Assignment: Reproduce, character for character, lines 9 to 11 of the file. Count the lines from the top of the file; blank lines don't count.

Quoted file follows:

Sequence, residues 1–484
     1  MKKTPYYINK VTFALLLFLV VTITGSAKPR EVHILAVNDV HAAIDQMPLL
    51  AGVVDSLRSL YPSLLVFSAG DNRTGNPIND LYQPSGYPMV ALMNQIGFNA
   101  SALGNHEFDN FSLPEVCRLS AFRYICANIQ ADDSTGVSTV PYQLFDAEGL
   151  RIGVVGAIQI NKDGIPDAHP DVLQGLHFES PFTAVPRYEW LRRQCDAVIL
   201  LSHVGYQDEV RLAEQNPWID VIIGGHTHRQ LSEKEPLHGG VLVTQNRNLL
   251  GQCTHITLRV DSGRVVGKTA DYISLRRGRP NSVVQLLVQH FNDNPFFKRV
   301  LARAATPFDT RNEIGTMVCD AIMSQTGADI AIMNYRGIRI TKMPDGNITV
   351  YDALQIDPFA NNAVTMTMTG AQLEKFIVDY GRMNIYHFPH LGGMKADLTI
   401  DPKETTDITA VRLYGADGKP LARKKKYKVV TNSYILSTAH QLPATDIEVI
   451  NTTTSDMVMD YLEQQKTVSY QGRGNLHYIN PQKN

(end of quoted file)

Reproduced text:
   351  YDALQIDPFA NNAVTMTMTG AQLEKFIVDY GRMNIYHFPH LGGMKADLTI
   401  DPKETTDITA VRLYGADGKP LARKKKYKVV TNSYILSTAH QLPATDIEVI
   451  NTTTSDMVMD YLEQQKTVSY QGRGNLHYIN PQKN